Useful Photography Tip #181: How to Look for Abstracts in Landscape Photography

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One of the reasons why you use telephoto lenses in landscape photography not only has to do with capturing an entire scene, but also being more artistic about the format in one way or another. What some of the more advanced landscape photographers do beyond looking for layers of sky and land is look for shapes in a scene to focus in on and play with. So how do you do this?

  • Crops: Experiment with various crops of your images and try different sizes. Modern cameras have enough megapixels where you can crop for quite a bit.
  • Looking at things on a micro scale: You know how folks like pixel peeping? Don’t pixel peep but instead look at the image closer and make your psyche vulnerable to shapes, tones, etc.
  • Rendering in black and white: One of the easiest ways to do this is to go black and white. Looking for shapes, tones and everything else becomes simpler. You can find so much in a black and white image.
  • Shapes: Circles, lines, leading lines, squiggles, etc. Look for them and keep them in mind. Sometimes even rotating your photo can help.
  • Contrasting colors: Go for at least two colors; no more than three.
  • Think about paintings: Imagine the scene without any sort of details. In fact, try to strip them away in post with stuff like Gaussian blur. I personally really like to think about and bring up Bob Ross. He created paintings of scenes but nothing was incredibly detailed obviously because they were paintings. From this you can recognize in your mind what he was painting. The same goes for Van Gogh and so many others.

Our friends over at Outdoor Photographer have even more tips on how to do this. Head on over and take a look.

Darren Lewey: Medium Format Landscape Photography and Abstracts in Morocco

All images and text by Darren Lewey. Used with permission.

I’m a photographer based in Morocco running tours and workshops within a day’s drive which includes Andalusia, Spain. I guess I’m strongly tempted to first explore locations that are closer to me than far-flung ones. It’s part of my ethos that there are things around that are photographically interesting and getting to know places a little bit can help. When I’m not teaching then I’m dedicated to personal portfolio development which I’ve been doing for the past year. Before that I had little time to set aside for my own work with developing my business and historically working in UK education and film making. For many years I didn’t pick-up a stills camera. That changed last year when I bought a Pentax 645z. I’ve always been an advocate of medium format but with no processing options in Morocco my 67 was unused. I’d been limited to older crop sensor technology and it didn’t inspire. I use natural light and a range of prime lenses.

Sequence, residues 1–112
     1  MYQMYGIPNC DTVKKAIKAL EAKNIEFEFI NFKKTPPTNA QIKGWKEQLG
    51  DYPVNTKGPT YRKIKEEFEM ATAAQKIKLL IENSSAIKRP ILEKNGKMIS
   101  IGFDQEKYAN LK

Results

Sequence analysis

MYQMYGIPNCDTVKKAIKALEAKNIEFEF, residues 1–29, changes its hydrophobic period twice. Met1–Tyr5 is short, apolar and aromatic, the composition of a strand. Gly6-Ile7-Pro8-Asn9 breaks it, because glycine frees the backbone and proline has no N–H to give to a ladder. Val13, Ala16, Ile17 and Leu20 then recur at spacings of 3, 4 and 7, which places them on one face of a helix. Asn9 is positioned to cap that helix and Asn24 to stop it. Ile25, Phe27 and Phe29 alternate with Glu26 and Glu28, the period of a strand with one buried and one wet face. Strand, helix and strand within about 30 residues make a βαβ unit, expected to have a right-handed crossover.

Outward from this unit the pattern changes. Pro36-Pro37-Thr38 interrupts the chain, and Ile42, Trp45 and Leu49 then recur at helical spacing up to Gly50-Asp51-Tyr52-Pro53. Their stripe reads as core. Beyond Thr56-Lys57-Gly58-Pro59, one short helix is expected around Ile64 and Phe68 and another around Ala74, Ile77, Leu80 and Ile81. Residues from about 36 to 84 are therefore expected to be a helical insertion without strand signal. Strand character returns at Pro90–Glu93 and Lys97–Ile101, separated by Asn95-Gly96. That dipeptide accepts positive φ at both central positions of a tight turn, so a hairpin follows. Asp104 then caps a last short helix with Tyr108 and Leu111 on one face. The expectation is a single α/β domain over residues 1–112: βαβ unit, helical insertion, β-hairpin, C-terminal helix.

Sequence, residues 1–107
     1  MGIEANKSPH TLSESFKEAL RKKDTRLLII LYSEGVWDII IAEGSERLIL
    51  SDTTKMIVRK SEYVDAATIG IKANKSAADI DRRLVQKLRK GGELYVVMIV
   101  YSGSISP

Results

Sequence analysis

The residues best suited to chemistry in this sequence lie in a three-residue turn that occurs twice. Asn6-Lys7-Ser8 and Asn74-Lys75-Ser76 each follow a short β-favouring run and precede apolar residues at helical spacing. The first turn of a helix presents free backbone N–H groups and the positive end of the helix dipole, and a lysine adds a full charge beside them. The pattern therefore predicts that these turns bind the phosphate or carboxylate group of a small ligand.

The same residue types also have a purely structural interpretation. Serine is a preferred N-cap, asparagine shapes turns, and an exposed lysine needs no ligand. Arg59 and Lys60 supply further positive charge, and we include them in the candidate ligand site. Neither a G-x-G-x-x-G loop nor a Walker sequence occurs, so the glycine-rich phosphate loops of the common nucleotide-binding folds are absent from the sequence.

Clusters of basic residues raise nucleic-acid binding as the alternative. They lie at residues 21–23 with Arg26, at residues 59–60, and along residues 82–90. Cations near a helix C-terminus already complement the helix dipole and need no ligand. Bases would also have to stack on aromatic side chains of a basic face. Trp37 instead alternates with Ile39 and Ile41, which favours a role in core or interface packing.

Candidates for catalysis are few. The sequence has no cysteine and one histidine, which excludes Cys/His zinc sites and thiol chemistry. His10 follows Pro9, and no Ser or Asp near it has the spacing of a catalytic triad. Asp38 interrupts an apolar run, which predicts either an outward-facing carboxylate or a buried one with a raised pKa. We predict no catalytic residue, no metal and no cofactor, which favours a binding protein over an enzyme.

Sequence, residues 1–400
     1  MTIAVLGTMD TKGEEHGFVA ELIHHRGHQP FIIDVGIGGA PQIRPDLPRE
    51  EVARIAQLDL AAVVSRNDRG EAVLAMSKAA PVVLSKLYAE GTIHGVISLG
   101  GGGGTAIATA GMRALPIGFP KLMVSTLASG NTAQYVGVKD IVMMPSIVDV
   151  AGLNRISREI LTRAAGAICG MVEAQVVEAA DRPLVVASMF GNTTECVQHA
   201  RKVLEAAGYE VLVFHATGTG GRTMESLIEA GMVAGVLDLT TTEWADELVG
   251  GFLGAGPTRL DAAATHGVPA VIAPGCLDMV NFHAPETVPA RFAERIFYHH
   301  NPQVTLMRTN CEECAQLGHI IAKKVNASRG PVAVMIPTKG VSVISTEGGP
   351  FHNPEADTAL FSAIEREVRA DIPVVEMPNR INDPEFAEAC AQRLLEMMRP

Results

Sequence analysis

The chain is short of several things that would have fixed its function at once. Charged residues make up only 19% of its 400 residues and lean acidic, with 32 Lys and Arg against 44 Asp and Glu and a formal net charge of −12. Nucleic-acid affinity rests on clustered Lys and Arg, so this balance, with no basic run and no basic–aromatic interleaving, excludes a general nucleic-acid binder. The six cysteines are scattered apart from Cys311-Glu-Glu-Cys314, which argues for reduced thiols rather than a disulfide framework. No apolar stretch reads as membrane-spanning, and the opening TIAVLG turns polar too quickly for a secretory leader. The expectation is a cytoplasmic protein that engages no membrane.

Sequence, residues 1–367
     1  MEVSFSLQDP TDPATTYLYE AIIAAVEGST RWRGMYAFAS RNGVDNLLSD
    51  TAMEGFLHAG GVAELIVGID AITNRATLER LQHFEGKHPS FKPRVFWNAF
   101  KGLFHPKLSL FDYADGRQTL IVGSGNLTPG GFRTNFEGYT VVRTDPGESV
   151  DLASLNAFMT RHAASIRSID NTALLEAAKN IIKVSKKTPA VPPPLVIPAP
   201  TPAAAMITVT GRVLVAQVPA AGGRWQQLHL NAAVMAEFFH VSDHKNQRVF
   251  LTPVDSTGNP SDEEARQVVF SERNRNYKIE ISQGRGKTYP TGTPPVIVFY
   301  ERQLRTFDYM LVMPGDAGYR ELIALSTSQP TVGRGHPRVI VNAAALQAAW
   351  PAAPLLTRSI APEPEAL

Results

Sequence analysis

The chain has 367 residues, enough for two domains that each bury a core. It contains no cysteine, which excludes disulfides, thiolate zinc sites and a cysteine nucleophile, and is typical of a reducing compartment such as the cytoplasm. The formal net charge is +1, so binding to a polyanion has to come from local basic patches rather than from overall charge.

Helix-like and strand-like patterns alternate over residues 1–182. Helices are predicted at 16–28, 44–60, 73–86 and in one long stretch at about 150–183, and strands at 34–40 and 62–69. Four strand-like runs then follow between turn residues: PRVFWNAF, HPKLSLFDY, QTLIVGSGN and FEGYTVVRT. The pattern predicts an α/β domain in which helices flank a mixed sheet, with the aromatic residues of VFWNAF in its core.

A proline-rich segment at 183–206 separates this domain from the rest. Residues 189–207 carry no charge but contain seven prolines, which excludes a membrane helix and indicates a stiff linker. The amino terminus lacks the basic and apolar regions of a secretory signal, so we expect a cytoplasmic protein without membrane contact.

I enjoy nature, I’m not a city person. I like the ability to work in quietness. For the included portfolio, Andalusia, I set myself the task of producing images in three zones during the space of two weeks in May 2017. Each of the areas offered very different challenges but I wanted to capture the texture of the region.

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Dan Grove: Photographic Perfection in the Reimagination of the Mundane

All images and text from Dan Grove. Used with permission.

Hi! I’m Dan – I’m 19 and from Gloucester in the UK. I’ve just finished my Photography A2 course and I’ll be setting up my exhibition for it at school soon! I shoot with a Canon 60D and 18-135mm STM or occasionally my iPhone for quick snaps.

My photography is all about reimagining the mundane – the bit of England I live in is reaaalllly dull so taking decent photos can be quite a challenge at times. I love to notice the things that other people might miss and I’m always looking to get the shot that makes people look twice or wonder how/where I’ve taken it. I tend to switch across a few different styles in my work – I either shoot bold and clean architectural stuff or gritty, documentary-style street work when I’m out and about. I’ve also spent some time in the studio at school as part of my A Level course.

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